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I've started reading through the BoA Editor Docs v1.2, but it reads rather rough (like it was written by someone who's been programming for a couple decades and can't think like a beginner any more) and I was wondering if anyone's made a more easily understandable guide or one that focuses more on the differences between BoE and BoA and what you have to do differently in designing.

 

If not, subsequent recommended readings are welcome.

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Blah. That wikibook is just a poor transcription of the appedices; don't waste your time with it. You may want to take at Erik Westra's Cookbook, it takes a somewhat different approach, giving recipes for common tasks rather than enumerating all of the available building blocks of the system. You can find it hosted on Kelandon's site.

 

By the way, the Editor Docs actually aren't bad at all in terms of basics, they're just in a rather poor order. I'd recommend sections 1.1 through 1.3, section 2.1, and section 2.8 when you're ready to get started writing scripts. Sections 1.4 through 1.7 and 2.2 through 2.7 really should have been appendices or something; their mostly just lists of information that you refer to while working, not text you want to read before starting.

 

As far as I know, no one has really written a "BoA for BoE designers" sort of document. However, section 3.1 of the Docs might be helpful, as it describes how many objects or concepts from BoE can or can't be ported to BoA.

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I'll second what Niemand said. Cookbook == good. Wiki == sux. Kel has some articles on his site as well; they vary in scope, but I think he has some pretty broad ones that might be good for learning to script.

 

The docs aren't too bad. Section 2 covers basic scripting fairly well, with the exception of 2.2 - 2.7 (which are useful but do indeed belong in the appendices-- which is why I moved them there on my computer.)

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Is there something wrong with my view of the editor? The last line is partially cut off and there is no big example of the terrain/floor that I have selected. It's rather annoying to have to put a terrain into my town to see what it really is.

 

As far as I can tell, I can't make it any bigger.

 

PS. Pay no heed to the terrain, I'm just putzing around with it.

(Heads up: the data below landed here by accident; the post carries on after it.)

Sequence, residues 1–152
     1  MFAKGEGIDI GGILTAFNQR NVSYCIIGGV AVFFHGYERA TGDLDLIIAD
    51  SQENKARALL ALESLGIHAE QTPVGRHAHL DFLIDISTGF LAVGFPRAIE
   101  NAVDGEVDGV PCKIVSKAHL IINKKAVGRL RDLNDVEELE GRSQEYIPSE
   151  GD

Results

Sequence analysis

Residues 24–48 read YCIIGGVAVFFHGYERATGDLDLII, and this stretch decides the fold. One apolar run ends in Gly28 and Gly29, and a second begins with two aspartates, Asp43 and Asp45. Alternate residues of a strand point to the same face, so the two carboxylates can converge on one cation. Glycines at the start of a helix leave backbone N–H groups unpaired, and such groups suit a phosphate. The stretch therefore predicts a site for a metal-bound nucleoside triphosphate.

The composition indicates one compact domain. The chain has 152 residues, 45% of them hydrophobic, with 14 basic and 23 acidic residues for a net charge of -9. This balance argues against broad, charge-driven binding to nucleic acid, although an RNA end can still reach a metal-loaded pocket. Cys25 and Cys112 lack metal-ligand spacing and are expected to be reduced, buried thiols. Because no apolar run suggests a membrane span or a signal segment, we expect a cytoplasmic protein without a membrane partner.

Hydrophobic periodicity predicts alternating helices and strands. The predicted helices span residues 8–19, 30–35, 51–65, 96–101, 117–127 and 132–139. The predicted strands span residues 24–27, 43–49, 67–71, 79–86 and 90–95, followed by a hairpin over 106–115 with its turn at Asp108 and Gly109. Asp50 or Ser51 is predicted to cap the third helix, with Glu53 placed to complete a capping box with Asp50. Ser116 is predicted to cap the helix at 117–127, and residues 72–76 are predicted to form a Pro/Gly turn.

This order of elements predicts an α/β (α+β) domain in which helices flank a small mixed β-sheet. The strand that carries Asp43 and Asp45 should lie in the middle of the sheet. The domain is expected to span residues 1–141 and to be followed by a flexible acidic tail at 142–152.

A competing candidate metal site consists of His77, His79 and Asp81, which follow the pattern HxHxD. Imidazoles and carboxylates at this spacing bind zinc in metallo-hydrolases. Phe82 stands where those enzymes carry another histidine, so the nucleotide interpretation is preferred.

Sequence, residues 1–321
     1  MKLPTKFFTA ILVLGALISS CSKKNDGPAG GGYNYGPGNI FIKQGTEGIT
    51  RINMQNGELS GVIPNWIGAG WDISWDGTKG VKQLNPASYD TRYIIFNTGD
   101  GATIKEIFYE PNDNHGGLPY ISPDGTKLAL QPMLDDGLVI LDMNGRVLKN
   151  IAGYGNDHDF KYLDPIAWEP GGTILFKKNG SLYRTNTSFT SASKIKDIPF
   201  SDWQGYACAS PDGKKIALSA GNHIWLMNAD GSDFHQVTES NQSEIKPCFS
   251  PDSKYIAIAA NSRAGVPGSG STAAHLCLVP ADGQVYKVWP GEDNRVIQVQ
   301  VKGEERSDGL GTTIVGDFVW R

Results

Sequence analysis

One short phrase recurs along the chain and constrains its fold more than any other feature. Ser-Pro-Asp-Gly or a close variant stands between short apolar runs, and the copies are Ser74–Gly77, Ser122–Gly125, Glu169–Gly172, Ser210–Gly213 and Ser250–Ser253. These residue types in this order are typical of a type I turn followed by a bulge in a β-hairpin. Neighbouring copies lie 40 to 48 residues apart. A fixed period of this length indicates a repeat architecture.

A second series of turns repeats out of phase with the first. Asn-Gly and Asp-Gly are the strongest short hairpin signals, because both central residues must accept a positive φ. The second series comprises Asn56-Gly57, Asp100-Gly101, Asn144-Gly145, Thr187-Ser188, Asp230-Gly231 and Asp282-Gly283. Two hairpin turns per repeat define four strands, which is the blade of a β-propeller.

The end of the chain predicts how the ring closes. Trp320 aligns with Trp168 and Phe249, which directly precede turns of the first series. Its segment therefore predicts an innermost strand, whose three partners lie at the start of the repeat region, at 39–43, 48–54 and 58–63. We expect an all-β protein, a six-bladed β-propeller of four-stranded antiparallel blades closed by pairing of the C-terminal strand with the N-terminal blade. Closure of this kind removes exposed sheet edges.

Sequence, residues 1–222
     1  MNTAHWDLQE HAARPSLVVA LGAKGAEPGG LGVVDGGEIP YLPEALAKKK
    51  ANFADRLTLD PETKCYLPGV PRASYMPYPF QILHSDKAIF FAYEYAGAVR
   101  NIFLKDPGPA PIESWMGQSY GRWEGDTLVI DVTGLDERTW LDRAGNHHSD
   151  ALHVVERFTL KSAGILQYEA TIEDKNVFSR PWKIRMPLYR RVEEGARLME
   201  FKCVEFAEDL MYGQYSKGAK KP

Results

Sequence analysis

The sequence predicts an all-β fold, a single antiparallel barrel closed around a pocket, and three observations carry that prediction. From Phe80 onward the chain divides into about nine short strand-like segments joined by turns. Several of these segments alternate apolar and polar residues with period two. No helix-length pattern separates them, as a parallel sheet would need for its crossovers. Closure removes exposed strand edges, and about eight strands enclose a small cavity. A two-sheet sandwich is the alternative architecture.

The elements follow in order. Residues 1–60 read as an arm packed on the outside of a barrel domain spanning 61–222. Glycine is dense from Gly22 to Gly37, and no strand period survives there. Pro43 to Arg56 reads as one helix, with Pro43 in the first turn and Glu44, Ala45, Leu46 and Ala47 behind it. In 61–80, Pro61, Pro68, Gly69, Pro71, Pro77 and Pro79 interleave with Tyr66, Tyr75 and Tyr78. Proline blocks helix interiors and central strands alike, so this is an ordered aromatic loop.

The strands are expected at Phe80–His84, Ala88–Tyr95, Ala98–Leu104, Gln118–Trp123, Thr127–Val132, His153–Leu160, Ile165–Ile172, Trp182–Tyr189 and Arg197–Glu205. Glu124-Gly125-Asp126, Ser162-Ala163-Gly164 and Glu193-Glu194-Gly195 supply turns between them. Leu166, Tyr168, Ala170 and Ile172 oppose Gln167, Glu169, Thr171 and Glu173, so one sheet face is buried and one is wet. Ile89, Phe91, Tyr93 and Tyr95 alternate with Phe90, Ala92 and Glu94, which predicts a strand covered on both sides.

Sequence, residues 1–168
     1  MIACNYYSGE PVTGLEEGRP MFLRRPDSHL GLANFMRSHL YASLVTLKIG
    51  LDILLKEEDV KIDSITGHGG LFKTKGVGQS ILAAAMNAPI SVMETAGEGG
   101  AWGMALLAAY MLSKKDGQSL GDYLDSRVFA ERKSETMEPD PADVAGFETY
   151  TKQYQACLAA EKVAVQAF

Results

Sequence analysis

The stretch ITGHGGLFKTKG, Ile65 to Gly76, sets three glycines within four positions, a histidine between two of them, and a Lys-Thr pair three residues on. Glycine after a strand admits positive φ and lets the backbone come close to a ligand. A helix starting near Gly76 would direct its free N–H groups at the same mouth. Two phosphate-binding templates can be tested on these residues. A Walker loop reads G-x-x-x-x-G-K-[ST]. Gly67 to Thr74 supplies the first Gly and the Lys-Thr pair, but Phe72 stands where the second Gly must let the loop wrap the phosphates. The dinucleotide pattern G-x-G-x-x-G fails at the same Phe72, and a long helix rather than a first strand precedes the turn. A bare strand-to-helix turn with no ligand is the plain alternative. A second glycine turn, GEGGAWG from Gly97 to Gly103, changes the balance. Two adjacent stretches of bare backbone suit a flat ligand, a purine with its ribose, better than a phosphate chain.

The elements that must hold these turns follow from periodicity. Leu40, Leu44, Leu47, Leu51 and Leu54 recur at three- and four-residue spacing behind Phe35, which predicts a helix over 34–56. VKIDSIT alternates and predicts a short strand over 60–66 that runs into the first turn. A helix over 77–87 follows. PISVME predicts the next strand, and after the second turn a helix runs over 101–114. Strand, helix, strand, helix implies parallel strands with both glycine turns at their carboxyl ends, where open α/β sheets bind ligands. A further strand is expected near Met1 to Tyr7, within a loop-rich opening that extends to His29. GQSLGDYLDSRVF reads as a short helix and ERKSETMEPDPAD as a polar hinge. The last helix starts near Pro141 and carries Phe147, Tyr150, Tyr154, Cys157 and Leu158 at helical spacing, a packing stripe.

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I can live with the bottom line being cut off. I just thought maybe I was missing a preview of the selected terrain, like BoE had. Of course, it kinda makes sense that it's not included since Jeff originally made the editor in 2D. It wouldn't have looked right anyway.

 

An extra 'Thank You' to those who worked on the 3D editor since it's obviously 100x easier than it used to be.

 

Edit: Is there a way to double up terrains (ie. walls or columns that are twice as high) without making custom graphics?

 

And is there a graphic to make indoor rises not look like dirt cliffs?

 

Edit2: Gah! Stupid walls that look like they only take up a sliver of a space but really take up a whole square...

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Originally Posted By: Jewelz
Edit: Is there a way to double up terrains (ie. walls or columns that are twice as high) without making custom graphics?

te_second_icon can be used, but the problem is that both icons have to be within the same sheet. Of course, for what you're describing, that shouldn't be a problem.

Also, for walls, Select Town from the menu bar across the top, and select Town Details from the list of options that shows up. Then simply input the desired height for the wall you wish to double up.

Quote:
And is there a graphic to make indoor rises not look like dirt cliffs?

In the Town Details box, simply input the number of the sheet you want in Cliff Sheet. A small list of possible options is there within the dialog box, and a full list can be found in the BoA Appendices.

Originally Posted By: Nikki.
Sorry to prove you wrong, Nioca, but:

http://i37.tinypic.com/2ccqpmp.jpg

Maybe it's an issue with XP?

Maybe it is. But there's nothing Jewels and I can do about it.
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I might add that in my experience, if you want to port a BoE scenario to the BoA world you will find that a lot of BoE features don't exist in BoA.

 

Return party to start is one example. Ditto fear effects on weapons. Then you can only move to another town via a special rectangle placed on the ground.

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Originally Posted By: Ishad Nha
I might add that in my experience, if you want to port a BoE scenario to the BoA world you will find that a lot of BoE features don't exist in BoA.

Return party to start is one example. Ditto fear effects on weapons. Then you can only move to another town via a special rectangle placed on the ground.